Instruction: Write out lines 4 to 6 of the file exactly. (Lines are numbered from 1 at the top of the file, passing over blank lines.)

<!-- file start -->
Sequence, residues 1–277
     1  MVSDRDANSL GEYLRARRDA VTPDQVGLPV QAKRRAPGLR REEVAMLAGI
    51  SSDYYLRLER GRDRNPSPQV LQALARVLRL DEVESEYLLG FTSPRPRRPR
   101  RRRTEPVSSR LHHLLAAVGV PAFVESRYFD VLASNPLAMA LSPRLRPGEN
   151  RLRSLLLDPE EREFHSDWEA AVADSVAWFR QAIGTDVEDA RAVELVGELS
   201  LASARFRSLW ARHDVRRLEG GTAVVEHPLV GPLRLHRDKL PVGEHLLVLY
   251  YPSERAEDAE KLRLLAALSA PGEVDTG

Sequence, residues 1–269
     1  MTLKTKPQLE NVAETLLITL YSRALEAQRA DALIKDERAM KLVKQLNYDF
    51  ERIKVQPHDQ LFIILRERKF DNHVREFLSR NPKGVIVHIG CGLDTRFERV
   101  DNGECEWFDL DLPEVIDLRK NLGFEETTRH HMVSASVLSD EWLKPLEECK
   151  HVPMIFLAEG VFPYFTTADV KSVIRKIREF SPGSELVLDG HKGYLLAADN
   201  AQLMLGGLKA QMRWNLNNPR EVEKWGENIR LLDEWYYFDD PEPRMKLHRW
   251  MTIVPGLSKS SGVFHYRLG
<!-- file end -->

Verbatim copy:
   101  RRRTEPVSSR LHHLLAAVGV PAFVESRYFD VLASNPLAMA LSPRLRPGEN
   151  RLRSLLLDPE EREFHSDWEA AVADSVAWFR QAIGTDVEDA RAVELVGELS
   201  LASARFRSLW ARHDVRRLEG GTAVVEHPLV GPLRLHRDKL PVGEHLLVLY